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The Curious Case of Jose Contreras

By: Matt Hoeppner
Over the last six years no White Sox player has had more ups and downs than Jose Contreras. He has gone from a meaningless mid-season pickup, to the best pitcher in baseball, to an injury prone old man, to a bum who can’t pitch, to possibly the savior of the 2009 White Sox. If you asked fifty Sox fans what they thought of Contreras, you would probably get fifty different answers. So let’s look at this “Curious Case” for ourselves and see if we can find some answers.

Contreras came to the South Side at the trade deadline in 2004 in exchange for Esteban Loaiza. Contreras was cast aside by the New York Yankees for not living up to expectations. His totals with the Yankees were not nearly as bad as some in New York perceived. Contreras appeared in 36 games with the Yankees, making 27 starts. He was 15-7 with a 4.65 ERA. In 166.2 innings he struck out 154 and walked 72. Those aren’t the greatest numbers but they certainly aren’t terrible either. However in the playoffs he was 0-2 with an ERA approaching 6.00.

Following the trade in ’04 Contreras went 5-4 with a 5.30 ERA for the White Sox. It seemed like the veteran Cuban pitcher would be just another average starter in the Major Leagues. He started out 2005 the same way, going 4-5 with a 4.26 ERA in the first half of the season. It was only after the midway point of the season when something miraculous happened, and Jose Contreras became the best pitcher in baseball for the next 12 months.

Between the All Star breaks in 2006 and 2007 Jose Contreras went 20-2 with a 3.17 ERA. When this fell into place the White Sox went on to win the World Series in 2005 and start 2006 on pace to once again make the playoffs. To say that Jose dominated would be an understatement. He commanded his pitches like never before, walking just 66 batters in over 212 innings. His forkball was devastating as well helping him rack up 159 strikeouts. His steady presence on the mound carried into the post season where he went 3-1, including one of four consecutive complete games by Sox pitchers in the ALCS.

All good things come to an end, and Contreras’ hot streak was no different. Over the next three seasons including 2009 Jose has lost 28 games, including 17 in 2007. Injuries cut short his season in 2008, the final blow being a blown Achilles tendon in his first start back from the DL. After losing some weight in the off season Contreras was ready to go in the spring of ’09. His fastball had a velocity in the mid 90’s and Jose said that he was the strongest he has ever been. His season started off disastrous, losing his first five starts and being sent down to the minors. It looked like the train might be at the end of the tracks for the “37 year old” Cuban pitcher.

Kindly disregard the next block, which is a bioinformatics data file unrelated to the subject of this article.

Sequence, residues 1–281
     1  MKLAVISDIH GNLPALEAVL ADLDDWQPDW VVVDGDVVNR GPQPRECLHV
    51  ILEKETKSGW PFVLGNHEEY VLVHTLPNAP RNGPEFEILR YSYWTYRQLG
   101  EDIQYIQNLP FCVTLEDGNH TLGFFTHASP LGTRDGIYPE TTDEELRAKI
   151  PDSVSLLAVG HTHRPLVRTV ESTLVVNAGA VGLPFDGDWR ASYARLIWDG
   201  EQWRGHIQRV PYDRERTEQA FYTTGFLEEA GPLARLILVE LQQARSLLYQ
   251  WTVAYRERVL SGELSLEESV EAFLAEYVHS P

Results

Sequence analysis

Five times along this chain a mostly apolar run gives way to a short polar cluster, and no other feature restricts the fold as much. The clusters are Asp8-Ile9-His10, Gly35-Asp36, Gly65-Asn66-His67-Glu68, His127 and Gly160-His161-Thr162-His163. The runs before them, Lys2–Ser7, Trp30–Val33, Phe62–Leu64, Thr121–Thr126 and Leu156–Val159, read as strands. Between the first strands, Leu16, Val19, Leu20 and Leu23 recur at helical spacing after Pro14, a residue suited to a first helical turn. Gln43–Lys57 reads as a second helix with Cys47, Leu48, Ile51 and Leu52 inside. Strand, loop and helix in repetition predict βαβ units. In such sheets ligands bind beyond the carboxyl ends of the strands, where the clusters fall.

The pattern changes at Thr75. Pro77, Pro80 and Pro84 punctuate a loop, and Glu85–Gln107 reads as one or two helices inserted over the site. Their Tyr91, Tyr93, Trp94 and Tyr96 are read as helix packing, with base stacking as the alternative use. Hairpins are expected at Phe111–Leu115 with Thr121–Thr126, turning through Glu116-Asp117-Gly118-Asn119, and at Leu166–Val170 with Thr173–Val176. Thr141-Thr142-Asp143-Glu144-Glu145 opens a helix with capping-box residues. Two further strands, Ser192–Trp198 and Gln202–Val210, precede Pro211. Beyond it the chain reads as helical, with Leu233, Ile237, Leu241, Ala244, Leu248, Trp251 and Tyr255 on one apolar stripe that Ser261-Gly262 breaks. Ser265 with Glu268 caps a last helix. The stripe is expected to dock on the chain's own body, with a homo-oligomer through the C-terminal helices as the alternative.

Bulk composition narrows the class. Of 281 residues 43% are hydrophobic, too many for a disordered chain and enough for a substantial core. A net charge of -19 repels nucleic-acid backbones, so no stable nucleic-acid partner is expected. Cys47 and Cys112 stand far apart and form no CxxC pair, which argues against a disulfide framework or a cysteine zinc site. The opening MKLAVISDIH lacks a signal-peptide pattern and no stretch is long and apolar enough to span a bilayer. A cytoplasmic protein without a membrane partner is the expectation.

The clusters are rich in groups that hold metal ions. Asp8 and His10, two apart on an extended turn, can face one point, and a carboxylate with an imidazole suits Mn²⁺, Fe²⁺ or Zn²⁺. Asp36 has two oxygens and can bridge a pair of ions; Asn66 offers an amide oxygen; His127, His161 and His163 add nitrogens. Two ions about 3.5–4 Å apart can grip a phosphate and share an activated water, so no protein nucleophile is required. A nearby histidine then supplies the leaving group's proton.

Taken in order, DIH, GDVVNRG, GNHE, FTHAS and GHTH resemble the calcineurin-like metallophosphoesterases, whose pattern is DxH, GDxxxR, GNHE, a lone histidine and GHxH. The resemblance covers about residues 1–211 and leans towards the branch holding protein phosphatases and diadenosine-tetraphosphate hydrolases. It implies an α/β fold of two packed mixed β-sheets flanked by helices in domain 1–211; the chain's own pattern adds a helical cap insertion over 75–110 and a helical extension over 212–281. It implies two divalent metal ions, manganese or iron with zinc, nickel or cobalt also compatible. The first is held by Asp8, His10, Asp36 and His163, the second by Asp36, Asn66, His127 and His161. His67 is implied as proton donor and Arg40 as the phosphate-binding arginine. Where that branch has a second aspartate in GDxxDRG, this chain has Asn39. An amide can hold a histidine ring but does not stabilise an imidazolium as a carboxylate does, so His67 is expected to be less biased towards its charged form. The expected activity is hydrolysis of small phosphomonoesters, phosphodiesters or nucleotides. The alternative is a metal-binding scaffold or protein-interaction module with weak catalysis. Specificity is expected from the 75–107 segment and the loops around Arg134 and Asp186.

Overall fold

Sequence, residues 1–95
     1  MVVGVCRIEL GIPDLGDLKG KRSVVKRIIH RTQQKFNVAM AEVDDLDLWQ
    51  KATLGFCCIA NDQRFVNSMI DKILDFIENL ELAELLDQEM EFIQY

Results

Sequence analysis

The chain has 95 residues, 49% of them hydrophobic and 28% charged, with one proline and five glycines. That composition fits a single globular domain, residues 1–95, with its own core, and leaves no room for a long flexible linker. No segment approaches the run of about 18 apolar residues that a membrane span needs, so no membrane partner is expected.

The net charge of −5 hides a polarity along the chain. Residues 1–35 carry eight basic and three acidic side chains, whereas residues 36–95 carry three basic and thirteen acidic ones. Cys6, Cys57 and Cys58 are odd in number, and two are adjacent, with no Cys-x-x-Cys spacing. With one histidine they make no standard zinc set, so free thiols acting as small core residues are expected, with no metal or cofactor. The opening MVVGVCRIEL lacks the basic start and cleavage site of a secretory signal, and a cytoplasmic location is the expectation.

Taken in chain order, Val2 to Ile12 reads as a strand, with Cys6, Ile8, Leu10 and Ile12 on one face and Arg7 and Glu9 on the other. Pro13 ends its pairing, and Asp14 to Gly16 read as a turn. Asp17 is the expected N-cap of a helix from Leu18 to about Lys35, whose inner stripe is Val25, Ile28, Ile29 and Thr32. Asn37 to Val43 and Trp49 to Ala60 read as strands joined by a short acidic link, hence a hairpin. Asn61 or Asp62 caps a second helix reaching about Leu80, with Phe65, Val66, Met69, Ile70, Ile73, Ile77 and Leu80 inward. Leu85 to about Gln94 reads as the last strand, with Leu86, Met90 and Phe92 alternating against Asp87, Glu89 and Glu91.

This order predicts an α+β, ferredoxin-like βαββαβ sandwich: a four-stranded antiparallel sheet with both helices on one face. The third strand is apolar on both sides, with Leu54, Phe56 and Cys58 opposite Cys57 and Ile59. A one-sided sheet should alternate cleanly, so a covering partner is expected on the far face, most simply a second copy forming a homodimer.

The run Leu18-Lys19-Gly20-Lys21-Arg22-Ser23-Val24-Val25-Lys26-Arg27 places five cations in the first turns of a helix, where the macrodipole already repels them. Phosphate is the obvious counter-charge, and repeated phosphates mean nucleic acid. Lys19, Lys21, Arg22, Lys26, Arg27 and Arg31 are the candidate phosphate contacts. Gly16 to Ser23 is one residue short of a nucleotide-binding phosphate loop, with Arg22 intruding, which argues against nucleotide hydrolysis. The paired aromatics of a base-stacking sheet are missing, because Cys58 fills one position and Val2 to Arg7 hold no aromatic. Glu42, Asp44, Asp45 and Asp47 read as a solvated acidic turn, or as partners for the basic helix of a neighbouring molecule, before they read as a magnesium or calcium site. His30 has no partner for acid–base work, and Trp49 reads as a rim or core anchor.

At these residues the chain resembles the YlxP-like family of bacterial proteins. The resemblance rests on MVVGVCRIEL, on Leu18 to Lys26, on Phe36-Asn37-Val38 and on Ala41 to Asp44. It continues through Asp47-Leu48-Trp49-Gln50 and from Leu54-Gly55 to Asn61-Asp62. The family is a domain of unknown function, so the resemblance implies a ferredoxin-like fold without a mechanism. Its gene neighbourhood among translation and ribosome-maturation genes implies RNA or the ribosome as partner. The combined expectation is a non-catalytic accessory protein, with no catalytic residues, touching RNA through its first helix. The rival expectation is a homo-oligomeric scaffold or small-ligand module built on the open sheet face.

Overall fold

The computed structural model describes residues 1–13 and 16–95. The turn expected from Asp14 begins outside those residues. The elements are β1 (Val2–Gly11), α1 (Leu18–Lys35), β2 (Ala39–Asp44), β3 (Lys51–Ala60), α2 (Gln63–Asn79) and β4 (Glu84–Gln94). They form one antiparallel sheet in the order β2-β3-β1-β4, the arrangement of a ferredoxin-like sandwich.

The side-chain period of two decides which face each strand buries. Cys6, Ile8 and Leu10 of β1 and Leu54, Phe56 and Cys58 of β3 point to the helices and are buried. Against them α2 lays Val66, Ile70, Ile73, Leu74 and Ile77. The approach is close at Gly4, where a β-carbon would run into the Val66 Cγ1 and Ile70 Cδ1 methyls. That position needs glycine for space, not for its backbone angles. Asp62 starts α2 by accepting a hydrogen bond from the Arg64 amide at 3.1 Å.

Then suddenly he was back at US Cellular Field making a start against the division leading Tigers in the second game of a double-header. On the keys to the game graphic it said that Contreras had, “figured some things out.” I scoffed at the statement, hoping that he could at least eat up some innings and save the bullpen. He did a lot more than just eat innings; Contreras ate up the Tigers with well located fastballs and a knockout forkball. Eight innings of one-hit ball and a win against the Tigers was followed by 8 more innings of two-hit ball against the Brewers. He is yet to allow a run since returning to the Bigs.

So is Jose Contreras back? Can he stabilize the White Sox rotation and help lead them once again into the playoffs? Is it possible that he really is only 37 years old as he claims? These are no easy questions, except maybe that last one. The Sox have, for know, caught lightning in a bottle. Ozzie Guillen will milk that bottle as far as it can go, he has always been good at that. However it is unlikely that Contreras has rediscovered the form that made him the best pitcher in baseball. His age and susceptibility to injury are not going to change. If he can continue to give the Sox innings and keep them in ballgames, he will be a large part of any chances the Pale Hose have at winning the Central Division. The strength of the Sox in their division is the depth of the starting pitching, and the back end of the bullpen. Getting quality starts and turning it over to the bullpen with the lead will lead to more consistent play and winning series. It also takes the pressure off of the offense, which has been less than good thus far.

As the season goes on I am sure that I will hear 50 more opinions about Jose Contreras, and there is a good chance my opinion will change. Whether he is the savior or a bum in 2009, there will always be a place in Sox fans hearts for the big Cuban right hander who helped us win it all.

1 comment:

  1. I think they should sell Jose now before he goes into one of his famous vallies again.